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Scotch Whisky

Whisky made in Scotland, referred to as Scotch, is one of the most popular types of whisky in the world. By law, it must be distilled to no more than 189.6 proof and produced from a mixture of water, cereal grains, and malt, with the only allowed additives being water and caramel coloring. Scotch must be aged in oak casks in Scotland at a licensed warehouse for a minimum of three years, but, unlike bourbon or rye, those casks can, and almost always are, used barrels instead of new ones. Scotch is separated into five categories, one of which is required to be displayed on the label: Single Malt (100% malt barley from a single distillery), Single Grain (all grain spirit from a single distillery), Blended Grain (grain whiskies from multiple distilleries), Blended Malt (a blend of single malts), and Blended Scotch (a blend of malt and grain whiskies). The malt used to make Scotch can be dried by fire from with compacted vegetation called peat, which imparts a unique flavor on the final product. (This type of Scotch is most common on island regions, particularly Islay.) There are five whisky-producing regions in Scotland, each with its own style and character: Lowlands, Highlands, Speyside, Islay, and Campbeltown.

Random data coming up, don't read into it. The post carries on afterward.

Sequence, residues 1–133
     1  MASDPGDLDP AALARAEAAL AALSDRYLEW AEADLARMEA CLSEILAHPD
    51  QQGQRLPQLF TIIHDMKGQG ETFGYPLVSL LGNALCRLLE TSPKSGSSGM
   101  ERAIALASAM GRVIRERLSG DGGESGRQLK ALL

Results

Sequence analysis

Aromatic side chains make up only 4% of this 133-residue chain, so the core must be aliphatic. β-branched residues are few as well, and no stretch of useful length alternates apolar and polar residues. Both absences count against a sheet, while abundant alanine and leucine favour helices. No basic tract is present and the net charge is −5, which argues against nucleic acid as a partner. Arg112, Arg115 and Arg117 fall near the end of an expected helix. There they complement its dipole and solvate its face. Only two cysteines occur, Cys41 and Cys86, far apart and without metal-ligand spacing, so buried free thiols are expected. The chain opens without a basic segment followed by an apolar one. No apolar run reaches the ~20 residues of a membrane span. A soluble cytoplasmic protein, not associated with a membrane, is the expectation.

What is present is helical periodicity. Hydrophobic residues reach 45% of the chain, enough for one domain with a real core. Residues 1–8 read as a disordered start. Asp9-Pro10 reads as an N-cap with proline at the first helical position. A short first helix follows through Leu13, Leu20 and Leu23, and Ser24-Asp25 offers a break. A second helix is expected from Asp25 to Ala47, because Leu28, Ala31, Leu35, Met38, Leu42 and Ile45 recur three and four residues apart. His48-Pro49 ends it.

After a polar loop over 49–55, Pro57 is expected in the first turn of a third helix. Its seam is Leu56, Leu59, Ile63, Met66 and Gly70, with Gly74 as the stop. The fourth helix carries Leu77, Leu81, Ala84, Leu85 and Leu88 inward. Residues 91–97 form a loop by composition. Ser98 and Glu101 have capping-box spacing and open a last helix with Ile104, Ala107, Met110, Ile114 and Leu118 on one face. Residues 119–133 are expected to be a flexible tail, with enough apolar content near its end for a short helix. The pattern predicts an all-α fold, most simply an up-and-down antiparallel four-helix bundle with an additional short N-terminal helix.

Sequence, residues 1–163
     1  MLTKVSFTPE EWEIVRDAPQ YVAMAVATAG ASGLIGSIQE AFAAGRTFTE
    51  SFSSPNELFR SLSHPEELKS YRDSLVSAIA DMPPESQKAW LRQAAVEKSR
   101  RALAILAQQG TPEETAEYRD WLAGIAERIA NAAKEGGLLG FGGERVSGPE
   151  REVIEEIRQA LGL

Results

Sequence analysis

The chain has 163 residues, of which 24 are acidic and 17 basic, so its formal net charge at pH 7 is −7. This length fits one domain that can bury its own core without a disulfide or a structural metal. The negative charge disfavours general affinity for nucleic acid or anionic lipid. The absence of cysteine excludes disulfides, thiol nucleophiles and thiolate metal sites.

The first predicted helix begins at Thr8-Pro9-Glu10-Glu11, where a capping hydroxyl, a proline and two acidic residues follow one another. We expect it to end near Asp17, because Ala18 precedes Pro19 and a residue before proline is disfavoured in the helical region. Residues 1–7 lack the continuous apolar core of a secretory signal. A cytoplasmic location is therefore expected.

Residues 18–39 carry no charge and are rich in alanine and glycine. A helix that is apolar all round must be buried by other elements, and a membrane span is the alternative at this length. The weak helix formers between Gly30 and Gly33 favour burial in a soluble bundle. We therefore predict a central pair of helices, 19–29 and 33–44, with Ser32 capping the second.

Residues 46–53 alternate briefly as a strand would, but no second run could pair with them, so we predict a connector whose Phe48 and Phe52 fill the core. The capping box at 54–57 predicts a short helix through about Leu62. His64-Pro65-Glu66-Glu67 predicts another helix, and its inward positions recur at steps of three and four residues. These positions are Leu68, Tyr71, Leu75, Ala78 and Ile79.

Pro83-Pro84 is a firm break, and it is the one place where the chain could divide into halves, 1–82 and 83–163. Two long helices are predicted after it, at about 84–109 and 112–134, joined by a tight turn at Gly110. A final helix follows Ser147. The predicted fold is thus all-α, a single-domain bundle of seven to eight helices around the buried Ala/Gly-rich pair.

Top Scotch Whisky Posts:

A Tour of Scotland: Understanding Scotch Whiskies
Touring Scotch Whisky Distilleries in Speyside, Scotland
Drinking Scotch with The Dalmore’s Richard Paterson
Whiskies of Glen Grant with Master Distiller Dennis Malcolm